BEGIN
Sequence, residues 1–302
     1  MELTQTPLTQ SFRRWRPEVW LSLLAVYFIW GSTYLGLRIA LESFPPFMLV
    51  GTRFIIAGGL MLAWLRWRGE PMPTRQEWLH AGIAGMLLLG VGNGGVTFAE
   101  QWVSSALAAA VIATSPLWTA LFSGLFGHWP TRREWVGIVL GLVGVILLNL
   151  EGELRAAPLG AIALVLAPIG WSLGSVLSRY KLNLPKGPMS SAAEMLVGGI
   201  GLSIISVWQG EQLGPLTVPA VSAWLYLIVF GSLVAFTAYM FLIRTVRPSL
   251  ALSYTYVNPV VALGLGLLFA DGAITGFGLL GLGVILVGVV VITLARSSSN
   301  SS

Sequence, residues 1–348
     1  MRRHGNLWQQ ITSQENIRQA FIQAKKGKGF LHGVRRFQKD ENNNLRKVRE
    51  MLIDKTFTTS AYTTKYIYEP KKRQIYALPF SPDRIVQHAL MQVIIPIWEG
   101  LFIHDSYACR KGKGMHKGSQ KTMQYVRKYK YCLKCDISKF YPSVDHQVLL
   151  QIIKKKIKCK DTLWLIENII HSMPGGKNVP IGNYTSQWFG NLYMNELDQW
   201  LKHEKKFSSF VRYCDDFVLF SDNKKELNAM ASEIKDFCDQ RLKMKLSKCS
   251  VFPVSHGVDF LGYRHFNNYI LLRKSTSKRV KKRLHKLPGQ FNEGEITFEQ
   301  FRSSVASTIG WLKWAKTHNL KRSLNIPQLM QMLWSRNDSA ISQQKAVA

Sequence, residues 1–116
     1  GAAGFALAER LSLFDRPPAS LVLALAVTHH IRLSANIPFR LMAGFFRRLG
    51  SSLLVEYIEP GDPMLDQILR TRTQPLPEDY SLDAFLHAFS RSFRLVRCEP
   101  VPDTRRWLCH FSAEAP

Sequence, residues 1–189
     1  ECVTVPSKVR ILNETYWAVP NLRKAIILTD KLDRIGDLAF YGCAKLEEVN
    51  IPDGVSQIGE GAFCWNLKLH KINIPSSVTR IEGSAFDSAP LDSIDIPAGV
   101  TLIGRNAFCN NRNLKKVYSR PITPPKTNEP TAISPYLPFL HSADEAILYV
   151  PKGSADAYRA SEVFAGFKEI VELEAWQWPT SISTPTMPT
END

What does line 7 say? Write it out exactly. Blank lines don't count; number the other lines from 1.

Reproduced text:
   251  ALSYTYVNPV VALGLGLLFA DGAITGFGLL GLGVILVGVV VITLARSSSN